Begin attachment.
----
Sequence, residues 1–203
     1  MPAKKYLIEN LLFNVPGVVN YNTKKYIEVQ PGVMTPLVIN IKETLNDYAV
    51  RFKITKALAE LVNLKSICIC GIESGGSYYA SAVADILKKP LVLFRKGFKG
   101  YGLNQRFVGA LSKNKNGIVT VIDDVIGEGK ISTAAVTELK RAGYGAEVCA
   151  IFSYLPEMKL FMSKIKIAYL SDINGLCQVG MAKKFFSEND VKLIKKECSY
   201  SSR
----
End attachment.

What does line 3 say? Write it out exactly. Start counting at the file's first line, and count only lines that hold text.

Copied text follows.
    51  RFKITKALAE LVNLKSICIC GIESGGSYYA SAVADILKKP LVLFRKGFKG